The Supreme Court also advocates a broader interpretation of the concept of ‘specific state supervision’. Since the Fiscale Eenheid X judgment by the Court of Justice of the European Union it has been clear that funds are only comparable with a UCITS if they are under specific state supervision. For a long time, it was unclear what supervision qualified as specific state supervision. The Deputy Minister of Finance has elaborated on this criterion in the Specific State Supervision Decree. According to the Supreme Court, it is sufficient if the manager of a fund is under the supervision of the AFM, whereby it is irrelevant whether this supervision results from a license for collective asset management or a license for individual asset management. This elaboration of the criterion of specific state supervision is broader than in the Decree. Contrary to the Deputy Minister’s view, cases in which this requirement could be met concern exempt investment funds (vrijgestelde beleggingsinstellingen; VBIs), mutual funds (fondsen voor gemene rekening; FGRs) of which the manager does not fall under the license or registration obligation of the AIFM Directive, and pooling of assets by pension funds, but also CLO, CBO, CDO and CSO companies.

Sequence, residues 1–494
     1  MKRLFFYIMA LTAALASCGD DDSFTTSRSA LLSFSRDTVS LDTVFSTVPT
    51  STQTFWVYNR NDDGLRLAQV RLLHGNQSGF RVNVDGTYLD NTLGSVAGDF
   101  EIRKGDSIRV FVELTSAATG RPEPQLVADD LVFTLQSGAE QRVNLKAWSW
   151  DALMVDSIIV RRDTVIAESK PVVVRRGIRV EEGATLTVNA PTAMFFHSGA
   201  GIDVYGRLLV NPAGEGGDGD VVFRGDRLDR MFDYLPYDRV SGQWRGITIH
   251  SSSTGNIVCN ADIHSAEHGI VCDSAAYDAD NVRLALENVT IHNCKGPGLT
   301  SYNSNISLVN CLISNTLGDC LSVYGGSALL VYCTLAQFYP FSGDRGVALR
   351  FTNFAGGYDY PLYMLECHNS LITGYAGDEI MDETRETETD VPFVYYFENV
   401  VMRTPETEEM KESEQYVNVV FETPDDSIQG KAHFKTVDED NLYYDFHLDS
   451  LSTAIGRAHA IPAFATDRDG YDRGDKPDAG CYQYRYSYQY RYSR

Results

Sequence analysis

The judgment by the Supreme Court relates to managers subject to a licensing obligation that are established in the Netherlands and are under the supervision of the AFM. The question is when do foreign asset managers of Dutch funds that are obliged to have a license qualify for the requirement of specific state supervision. It seems reasonable to us that if the foreign supervisory regime imposes requirements that are generally comparable with the Dutch supervisory regime – also if that is a regime for individual asset management – this supervision qualifies as specific state supervision. Besides, with its elaboration of specific state supervision and the fund concept, the Supreme Court does appear to be deviating from the way in which other Member States deal with the interpretation of the VAT exemption for collective asset management.